With that being said, they are durable, hold well(like every V-Stake) and they’re relatively lightweight. The grooves make them lighter and seem to increase the grip.
Just be careful when hammering them in. The tops tend to bend over when you try to hammer them into tough ground. After a couple minor bends they eventually break off. Personally, I would just buy the groundhogs instead.
4) Nail and Spike Stakes
My Favorite: MSR Carbon Core Stake Kit Weight=.19oz
Honestly, I don’t know how I feel about Nail and Spike Stakes. They’re the lightest option available, but they tend to break. With that being said I really MSR’s New Carbon Core Stakes.
MSR looked at every other nail stake and fixed the one major weak point. They strengthened up the top so they couldn’t bend. They’re way lighter than the aluminum MSR’s I used to carry and hold much better.
The only downside I’ve found is the steep price tag, but the weight saving s and performance increase is definitely worth it. I still use the MSR Groundhogs as my 2 main holds, but the carbon cores work really well as supplements.
If you really want to save weight you can always use 2 MSR Groundhogs as your main tie-downs with sticks as additional anchor points. This type of setup would be both stronger and lighter.
Don’t scrimp on your nail stakes! Small, cheap and light is a recipe for stake failure. You’ll just end up with broken stakes and a tent that blows away.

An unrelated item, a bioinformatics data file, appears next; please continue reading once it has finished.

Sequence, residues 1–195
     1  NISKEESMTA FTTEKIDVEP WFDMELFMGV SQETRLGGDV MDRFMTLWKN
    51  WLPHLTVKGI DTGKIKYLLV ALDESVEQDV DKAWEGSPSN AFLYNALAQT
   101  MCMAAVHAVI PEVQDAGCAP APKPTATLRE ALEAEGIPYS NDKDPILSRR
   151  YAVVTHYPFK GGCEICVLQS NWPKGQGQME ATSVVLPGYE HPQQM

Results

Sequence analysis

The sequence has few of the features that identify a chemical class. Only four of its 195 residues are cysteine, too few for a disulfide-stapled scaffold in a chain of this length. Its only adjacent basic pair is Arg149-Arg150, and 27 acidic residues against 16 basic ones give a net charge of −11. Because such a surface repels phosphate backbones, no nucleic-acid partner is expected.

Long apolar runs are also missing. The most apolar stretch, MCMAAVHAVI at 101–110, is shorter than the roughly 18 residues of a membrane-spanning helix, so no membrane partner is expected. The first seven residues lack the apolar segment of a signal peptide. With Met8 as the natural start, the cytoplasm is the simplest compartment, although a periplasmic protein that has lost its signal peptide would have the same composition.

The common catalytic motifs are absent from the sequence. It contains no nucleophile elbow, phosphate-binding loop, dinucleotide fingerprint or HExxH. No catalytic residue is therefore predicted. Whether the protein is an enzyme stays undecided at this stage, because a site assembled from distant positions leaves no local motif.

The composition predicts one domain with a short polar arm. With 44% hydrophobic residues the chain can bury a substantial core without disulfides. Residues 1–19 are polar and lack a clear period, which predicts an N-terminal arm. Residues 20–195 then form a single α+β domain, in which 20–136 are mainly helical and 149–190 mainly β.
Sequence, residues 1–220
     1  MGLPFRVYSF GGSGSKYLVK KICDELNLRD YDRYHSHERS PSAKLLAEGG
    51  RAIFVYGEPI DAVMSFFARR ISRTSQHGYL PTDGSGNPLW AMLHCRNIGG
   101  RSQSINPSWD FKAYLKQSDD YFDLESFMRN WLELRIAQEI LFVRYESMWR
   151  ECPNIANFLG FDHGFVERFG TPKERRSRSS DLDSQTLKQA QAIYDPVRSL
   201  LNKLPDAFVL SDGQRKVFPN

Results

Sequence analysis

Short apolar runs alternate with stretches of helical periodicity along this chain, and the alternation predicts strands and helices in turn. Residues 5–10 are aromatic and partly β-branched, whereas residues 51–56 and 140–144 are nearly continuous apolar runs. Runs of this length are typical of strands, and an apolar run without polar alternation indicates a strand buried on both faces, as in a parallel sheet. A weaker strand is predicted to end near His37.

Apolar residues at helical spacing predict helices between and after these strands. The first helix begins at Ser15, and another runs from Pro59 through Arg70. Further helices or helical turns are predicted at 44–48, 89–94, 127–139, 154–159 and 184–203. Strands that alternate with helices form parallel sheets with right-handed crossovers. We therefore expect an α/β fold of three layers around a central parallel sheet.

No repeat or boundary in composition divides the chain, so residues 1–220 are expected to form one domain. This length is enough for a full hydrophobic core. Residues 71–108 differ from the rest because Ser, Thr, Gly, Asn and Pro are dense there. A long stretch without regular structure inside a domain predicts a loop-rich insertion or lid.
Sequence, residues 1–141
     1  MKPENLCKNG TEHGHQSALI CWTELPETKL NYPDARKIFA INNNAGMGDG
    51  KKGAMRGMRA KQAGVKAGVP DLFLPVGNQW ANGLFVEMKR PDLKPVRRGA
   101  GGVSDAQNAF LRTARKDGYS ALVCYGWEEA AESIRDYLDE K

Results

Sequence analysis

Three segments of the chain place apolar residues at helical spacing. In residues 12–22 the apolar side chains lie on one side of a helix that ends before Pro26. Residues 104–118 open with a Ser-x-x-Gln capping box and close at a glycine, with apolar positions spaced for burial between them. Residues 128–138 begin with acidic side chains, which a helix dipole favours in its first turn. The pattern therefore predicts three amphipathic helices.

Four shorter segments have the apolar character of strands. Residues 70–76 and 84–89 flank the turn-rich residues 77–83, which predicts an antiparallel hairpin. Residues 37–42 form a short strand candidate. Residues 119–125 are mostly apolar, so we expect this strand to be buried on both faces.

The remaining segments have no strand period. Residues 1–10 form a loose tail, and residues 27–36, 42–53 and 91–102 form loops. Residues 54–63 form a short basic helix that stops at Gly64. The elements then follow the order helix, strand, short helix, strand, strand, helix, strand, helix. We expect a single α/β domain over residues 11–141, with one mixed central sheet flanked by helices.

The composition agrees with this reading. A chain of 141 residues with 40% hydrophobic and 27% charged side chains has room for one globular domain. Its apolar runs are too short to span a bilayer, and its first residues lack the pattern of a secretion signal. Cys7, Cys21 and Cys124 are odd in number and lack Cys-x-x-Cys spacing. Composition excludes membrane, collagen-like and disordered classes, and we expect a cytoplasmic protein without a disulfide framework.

Titanium Stakes Are Stronger Than Steel and Aluminum
Every Stake Bends Eventually
I don’t care how expensive your pegs are, every stake will eventually bend and break. They just can’t handle being hammered into a rock or tree root. With that being said, some stakes will last longer than others.
I really like the “Groundhog Style” tubular steaks like the MSR Groundhog. These seem to give you the most hold with only a slight weight increase over titanium needles.
You don’t even need to use them everywhere. Save a little weight by using 2 groundhogs in the front and rear, with needle style Shephard hooks everywhere else.
MSR’s Aluminum Shephard Style Hook Stakes are a lightweight, cheap, and reliable option. Weighing in at .45oz, it’s to beat their reliability/weight for the price.